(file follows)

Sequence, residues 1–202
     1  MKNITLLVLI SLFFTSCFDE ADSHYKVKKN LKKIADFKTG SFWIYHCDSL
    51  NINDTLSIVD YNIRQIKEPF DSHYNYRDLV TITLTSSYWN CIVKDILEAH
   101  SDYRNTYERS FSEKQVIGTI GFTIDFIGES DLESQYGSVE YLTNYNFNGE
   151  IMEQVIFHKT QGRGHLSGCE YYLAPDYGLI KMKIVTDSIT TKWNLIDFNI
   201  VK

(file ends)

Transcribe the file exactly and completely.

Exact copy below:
Sequence, residues 1–202
     1  MKNITLLVLI SLFFTSCFDE ADSHYKVKKN LKKIADFKTG SFWIYHCDSL
    51  NINDTLSIVD YNIRQIKEPF DSHYNYRDLV TITLTSSYWN CIVKDILEAH
   101  SDYRNTYERS FSEKQVIGTI GFTIDFIGES DLESQYGSVE YLTNYNFNGE
   151  IMEQVIFHKT QGRGHLSGCE YYLAPDYGLI KMKIVTDSIT TKWNLIDFNI
   201  VK